When application server 13 finishes processing the data for Step 1, it sends polling signal 106 to Web server 11 to establish communications again. If Web server 11 correctly receives polling signal 106, it will send ACK signal 107 back to application server 13 to acknowledge correct receipt of polling signal 106 and indicating that it's ready to proceed with communication. Application server 13 may then transmit data signal 108 to Web server 11 containing the processed data for Step 1. Once Web server 11 receives data signal 108 from application server 13, it must re-establish communication with client 10. To do so, Web server 11 sends polling signal 109 to client 10. If client 10 correctly receives polling signal 109, it will transmit ACK signal 110 to Web server 11 to acknowledge correct receipt of polling signal 109 and indicating that it's ready to proceed with communication. As communication is re-established between Web server 11 and client 10, Web server sends the processed data for Step 1 back to client 10. The process then begins over again with Step 2, by client 10 sending polling signal 112 to Web server 11.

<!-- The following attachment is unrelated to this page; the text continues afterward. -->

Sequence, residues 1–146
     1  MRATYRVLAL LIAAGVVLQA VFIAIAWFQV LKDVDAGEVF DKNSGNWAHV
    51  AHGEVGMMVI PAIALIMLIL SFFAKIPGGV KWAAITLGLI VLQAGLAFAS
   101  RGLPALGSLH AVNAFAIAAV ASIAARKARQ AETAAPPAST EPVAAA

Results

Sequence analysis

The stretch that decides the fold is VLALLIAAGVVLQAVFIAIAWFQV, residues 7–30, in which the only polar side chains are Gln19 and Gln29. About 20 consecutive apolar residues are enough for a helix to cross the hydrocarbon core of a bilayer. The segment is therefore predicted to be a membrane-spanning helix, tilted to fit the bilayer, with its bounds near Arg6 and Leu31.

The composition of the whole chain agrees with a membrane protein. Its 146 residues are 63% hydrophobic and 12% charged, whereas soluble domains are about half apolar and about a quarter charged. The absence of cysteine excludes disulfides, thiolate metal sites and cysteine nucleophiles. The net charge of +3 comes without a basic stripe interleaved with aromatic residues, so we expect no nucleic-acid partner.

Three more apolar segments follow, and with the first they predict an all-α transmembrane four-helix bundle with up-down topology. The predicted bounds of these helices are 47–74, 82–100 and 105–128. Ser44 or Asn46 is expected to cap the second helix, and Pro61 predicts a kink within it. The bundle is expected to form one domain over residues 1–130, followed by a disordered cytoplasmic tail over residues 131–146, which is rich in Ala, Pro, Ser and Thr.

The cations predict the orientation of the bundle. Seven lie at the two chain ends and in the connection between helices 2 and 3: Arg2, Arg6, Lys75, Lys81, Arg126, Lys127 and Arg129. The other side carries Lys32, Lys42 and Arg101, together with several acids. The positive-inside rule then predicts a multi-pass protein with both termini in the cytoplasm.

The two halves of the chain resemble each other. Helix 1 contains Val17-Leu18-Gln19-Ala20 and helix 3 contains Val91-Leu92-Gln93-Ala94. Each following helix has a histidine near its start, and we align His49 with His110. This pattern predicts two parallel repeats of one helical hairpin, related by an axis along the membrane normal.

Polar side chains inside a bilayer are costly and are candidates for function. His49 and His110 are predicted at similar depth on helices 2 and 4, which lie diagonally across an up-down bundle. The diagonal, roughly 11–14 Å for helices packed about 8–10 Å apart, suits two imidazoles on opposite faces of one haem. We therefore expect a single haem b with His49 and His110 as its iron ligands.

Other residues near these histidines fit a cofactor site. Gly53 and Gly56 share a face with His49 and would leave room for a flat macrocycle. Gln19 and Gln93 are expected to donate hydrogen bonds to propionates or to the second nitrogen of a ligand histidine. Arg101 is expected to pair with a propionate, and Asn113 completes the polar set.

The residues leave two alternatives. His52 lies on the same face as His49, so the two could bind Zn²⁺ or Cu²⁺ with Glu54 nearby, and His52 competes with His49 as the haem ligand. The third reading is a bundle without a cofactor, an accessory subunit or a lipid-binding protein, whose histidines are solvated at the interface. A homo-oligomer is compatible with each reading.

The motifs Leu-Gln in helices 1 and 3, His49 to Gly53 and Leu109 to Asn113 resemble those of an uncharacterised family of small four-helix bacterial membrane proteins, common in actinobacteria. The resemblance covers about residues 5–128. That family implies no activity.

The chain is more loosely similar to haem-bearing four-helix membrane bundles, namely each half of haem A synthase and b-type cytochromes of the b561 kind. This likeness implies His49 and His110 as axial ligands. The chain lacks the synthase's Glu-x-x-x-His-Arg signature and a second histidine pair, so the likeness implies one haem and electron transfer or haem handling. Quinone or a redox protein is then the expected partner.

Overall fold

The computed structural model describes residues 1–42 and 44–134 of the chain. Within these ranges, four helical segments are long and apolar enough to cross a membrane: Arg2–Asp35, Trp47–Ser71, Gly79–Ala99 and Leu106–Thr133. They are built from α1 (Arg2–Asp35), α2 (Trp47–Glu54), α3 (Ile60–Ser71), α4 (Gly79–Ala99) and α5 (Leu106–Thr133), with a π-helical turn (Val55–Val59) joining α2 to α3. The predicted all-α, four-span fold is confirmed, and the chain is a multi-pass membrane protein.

It should be noted that variations of the communication process as described in
One programming method that has been used to address the asynchronous client-server interaction is through the use of callbacks.
This type of asynchronous programming model can be quite complex. For Web designers used to tag-based scripting languages, the advanced techniques used by computer programmers for implementing the asynchronous client-server relationship has since kept true client-server application development out of the hands of the typical tag-based programmer. However, instead of relying on the complexities of the asynchronous programming model, one embodiment described herein captures the same function using a linear model.